Monday Author: Susanne Skinner
I’ve defined myself in many ways over the years but one of the most significant in terms of time and investment is as an employee. I have been working since I was 16, taught by my Dad to put half my earnings into savings, and to spend the other half wisely.
Work is a path I have embraced and loved, with a fulfilling career on the marketing side of the high tech industry. Opportunities and salaries were excellent and I never wanted to do anything else but the path I chose forty years ago.
A recent downsize and move brought the meaning of the word retirement to the forefront of my thinking. It has always been a surreal objective, out there somewhere waiting for me. Having always worked, not working—a.k.a. retirement—was an abnormal concept that never fully settled on me.
Then one day it just happens; you realize you don’t want to work anymore. It’s time to do the things you said you would do when you had the time; and now you do.
But what happens to you when you stop being an employee?
Who Am I Now?
Work defines us. Next to sleeping, your job represents the greatest number of hours you spend doing something, and you are doing it for someone else. They say if you chose a job you love you will never work a day in your life, but this is not only false it’s misleading.
When you love your job, you work even harder. You set high goals and strive to deliver excellence to your stakeholders, customers, and managers. Working each day as part of a team, you become each other’s work family; creating a sense of belonging and affirmation of your value in the work place.
Of course, I knew that I would retire, and the past three months have been focused on stepping away from my career job and pursuing interests and opportunities I never had time for. But I still wonder what it will feel like when I no longer have a daily routine and a monthly paycheck. My job demanded long hours and global travel; it was not 9-to-5 and involved a lot of weekends; but it also had amazing benefits and opportunities. I often said I’d know when it was time to quit and I’m ready. But I’m also nervous about what comes next.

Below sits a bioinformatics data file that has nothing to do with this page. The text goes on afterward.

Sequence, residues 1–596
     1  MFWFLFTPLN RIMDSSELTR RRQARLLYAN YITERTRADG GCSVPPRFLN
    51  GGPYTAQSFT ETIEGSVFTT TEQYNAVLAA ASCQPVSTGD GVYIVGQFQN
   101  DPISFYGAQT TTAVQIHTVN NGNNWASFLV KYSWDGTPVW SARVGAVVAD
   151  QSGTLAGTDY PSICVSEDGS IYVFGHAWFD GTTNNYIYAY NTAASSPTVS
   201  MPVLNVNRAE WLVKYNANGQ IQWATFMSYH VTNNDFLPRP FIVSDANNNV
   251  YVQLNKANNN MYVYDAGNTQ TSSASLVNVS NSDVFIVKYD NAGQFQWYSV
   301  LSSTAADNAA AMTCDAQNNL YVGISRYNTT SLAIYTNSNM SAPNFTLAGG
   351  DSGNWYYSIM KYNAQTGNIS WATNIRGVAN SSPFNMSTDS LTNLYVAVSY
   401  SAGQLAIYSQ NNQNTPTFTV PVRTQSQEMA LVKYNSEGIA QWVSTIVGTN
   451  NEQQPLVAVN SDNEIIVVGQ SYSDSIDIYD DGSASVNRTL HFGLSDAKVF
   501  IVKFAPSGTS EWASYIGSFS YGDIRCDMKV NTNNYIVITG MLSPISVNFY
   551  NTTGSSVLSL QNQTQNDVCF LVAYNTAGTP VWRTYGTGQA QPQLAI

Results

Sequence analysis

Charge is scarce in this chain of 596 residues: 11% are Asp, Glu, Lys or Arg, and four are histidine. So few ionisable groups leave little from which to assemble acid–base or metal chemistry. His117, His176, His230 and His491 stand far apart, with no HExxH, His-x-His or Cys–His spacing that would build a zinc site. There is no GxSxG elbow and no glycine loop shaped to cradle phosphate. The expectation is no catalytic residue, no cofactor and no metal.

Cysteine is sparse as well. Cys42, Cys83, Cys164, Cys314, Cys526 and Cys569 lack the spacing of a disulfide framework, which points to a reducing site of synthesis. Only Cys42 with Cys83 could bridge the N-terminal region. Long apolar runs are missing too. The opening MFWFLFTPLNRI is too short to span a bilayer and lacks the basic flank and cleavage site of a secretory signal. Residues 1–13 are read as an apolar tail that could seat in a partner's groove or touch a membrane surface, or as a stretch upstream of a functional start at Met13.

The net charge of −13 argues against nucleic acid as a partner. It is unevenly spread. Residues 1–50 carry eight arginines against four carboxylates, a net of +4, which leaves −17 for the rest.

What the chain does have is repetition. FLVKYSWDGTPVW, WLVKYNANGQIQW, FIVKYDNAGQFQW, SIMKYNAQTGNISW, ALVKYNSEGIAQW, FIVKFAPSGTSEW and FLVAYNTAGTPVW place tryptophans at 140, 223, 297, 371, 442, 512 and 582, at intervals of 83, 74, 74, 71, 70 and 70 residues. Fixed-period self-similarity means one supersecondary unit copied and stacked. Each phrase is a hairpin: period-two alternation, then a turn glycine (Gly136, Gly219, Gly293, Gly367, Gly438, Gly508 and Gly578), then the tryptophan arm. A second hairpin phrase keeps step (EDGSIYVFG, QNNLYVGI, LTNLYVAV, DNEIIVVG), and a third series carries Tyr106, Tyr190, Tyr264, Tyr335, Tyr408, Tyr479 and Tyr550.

I wonder who I will be without my job and my daily interactions with colleagues who became friends. I can’t help but ask myself this question since so much of my life has been shaped by the career I’ve had.
It’s not a hard-stop retirement—that would simply not work for me. I signed up for a consulting job with a former CEO; but we’ve agreed on 20 hours a week because I want plenty of time for all the things I said I was going to do.
Time Versus Money
Retirement comes with a reminder that only you can make that time—no one else is going to do that for you. It comes with a mix of excitement and a bittersweet farewell to a job and a company I have loved.
As you get older, the reality of time passing stares you in the face. You can’t help but wonder how long you will live and since you don’t know the answer, you confront your mortality with the simple truth that the time is now; it’s not something that can be saved and used later.
Everyone gets a day with 24 hours. You can’t siphon off any hours or minutes into a time bank and there is no interest accruing on unspent hours.
And then there’s money. If you’ve saved an invested wisely, retirement is really what you’ve been waiting for. You now have time and money, but sometimes you have to spend one to save the other. It’s a balancing act.
Knowing how much money you have is pretty clear cut. Time, on the other hand, is impossible to calculate when it applies to how much you have left. You can only look at right now and spend what is given to you on a daily basis.
Having more time is not within our control, but valuing the time we have is.
Retirement: What Comes Next?
Retirement is a funny word. When I was a kid, it looked like my Grandparents, or the elderly people I’d see around town. It meant you didn’t have a job and you got to stay home.
We just moved into our forever home and we love it. We’re still decorating inside, landscaping outside, and exploring the city and surrounding area on weekends. Our community has opportunities for involvement and fun; and we have year-round tropical weather.
Retirement comes with a mix of excitement and a bittersweet farewell to a job and a company I have loved, but endings are also beginnings.
What comes next is up to me.